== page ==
The second development came in 1967 when the Church announced that researchers had rediscovered in a New York museum a portion of Joseph Smith’s papyri, including the original of Facsimile 1. Most of the characters in the Book of Abraham and Egyptian Alphabet manuscripts turned out to be taken, in sequence, from the text surrounding this illustration. Here was apparently clear documentary evidence that the Book of Abraham was a mistranslation of an ancient pagan funerary text known as the Document of Breathing.

Apologetic approaches proliferated during this stage of the crisis. Some authors developed versions of Homans’ old argument that Joseph Smith and the Egyptologists could both be right. John Tvedtnes and Richley Crapo proposed that ancient Jews may have used the Document of Breathing as a mnemonic device to remember the story of Abraham, and Joseph Smith may have restored this usage.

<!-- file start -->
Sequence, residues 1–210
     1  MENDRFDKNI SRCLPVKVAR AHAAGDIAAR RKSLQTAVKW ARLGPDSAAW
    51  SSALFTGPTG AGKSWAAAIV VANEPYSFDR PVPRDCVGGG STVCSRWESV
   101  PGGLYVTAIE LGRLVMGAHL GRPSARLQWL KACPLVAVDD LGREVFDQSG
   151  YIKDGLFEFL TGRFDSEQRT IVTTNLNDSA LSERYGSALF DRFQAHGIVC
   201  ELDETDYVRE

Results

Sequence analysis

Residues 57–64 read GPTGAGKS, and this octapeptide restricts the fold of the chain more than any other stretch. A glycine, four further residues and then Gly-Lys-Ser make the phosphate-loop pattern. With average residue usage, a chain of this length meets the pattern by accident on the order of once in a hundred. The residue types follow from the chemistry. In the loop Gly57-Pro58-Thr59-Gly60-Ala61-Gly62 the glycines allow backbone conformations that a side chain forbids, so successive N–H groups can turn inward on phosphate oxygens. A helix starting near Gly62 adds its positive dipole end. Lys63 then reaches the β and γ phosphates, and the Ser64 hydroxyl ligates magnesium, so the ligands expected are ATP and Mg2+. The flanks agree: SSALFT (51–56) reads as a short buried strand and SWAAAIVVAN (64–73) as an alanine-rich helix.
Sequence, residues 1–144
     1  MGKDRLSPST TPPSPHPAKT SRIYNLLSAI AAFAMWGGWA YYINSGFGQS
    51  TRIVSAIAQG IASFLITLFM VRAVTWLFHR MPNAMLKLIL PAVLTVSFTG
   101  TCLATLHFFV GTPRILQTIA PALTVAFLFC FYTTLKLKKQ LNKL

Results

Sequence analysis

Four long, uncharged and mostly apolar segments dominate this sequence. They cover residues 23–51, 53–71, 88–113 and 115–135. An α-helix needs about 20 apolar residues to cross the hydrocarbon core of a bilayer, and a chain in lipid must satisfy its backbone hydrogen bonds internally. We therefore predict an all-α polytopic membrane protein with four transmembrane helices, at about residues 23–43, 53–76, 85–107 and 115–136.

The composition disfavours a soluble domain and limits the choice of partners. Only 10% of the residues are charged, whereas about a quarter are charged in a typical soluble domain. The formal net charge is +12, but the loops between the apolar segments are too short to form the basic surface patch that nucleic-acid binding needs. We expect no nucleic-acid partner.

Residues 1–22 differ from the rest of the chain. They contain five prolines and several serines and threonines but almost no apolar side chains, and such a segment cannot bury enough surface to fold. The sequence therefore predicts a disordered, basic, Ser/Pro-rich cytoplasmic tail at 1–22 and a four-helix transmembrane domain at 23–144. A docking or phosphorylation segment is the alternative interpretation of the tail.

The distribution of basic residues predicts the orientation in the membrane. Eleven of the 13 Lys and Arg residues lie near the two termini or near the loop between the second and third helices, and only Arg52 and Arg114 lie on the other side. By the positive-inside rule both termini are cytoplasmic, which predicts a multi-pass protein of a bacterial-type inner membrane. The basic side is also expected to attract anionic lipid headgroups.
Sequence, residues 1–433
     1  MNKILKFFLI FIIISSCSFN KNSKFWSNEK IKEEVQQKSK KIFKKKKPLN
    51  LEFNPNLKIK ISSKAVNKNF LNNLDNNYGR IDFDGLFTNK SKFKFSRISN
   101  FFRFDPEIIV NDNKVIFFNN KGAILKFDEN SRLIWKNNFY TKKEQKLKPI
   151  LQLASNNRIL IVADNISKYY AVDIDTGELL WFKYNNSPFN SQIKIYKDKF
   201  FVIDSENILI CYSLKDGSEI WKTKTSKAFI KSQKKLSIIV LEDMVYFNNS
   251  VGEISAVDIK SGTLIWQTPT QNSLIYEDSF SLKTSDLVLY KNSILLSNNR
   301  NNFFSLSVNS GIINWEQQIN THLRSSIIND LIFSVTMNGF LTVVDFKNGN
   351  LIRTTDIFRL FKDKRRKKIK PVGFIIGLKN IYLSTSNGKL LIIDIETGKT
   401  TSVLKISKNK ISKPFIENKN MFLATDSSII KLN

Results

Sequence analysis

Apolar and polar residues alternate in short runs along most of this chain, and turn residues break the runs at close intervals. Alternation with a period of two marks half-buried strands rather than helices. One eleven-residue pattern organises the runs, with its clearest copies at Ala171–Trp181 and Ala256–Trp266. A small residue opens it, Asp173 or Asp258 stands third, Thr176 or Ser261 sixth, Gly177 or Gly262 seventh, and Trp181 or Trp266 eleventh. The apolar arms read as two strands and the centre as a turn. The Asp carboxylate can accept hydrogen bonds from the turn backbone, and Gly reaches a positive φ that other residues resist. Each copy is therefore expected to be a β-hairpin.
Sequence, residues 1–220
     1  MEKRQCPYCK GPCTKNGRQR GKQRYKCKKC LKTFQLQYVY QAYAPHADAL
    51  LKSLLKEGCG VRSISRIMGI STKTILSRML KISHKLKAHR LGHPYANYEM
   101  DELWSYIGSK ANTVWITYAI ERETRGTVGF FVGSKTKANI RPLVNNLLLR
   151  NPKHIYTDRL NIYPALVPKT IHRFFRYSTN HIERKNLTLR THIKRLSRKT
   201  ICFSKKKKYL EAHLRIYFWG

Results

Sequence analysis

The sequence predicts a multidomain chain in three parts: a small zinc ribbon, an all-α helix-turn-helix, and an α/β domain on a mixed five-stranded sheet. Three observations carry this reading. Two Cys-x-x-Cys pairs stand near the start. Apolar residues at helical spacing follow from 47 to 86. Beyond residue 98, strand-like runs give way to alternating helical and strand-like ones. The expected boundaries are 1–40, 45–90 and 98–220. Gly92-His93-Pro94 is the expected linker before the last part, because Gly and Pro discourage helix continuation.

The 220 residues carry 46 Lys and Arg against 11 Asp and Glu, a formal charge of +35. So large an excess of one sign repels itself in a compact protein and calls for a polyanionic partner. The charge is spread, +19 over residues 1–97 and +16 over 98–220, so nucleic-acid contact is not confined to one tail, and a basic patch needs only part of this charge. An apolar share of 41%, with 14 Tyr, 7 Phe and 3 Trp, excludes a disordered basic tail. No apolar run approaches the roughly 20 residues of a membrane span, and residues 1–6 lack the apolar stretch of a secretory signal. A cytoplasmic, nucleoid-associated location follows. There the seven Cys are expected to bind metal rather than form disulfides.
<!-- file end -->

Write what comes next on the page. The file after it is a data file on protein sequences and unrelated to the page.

Taking a different tack, Hugh Nibley worked hard to disassociate Joseph Smith from these newly discovered documents. The Egyptian Alphabet manuscripts, he argued, were completely speculative documents cooked up by Smith’s scribes. As for the papyri, he asserted that only a very small portion of Smith’s papyrus collection had been rediscovered. Several “long rolls” of papyrus were still missing; maybe the Book of Abraham was on one of those.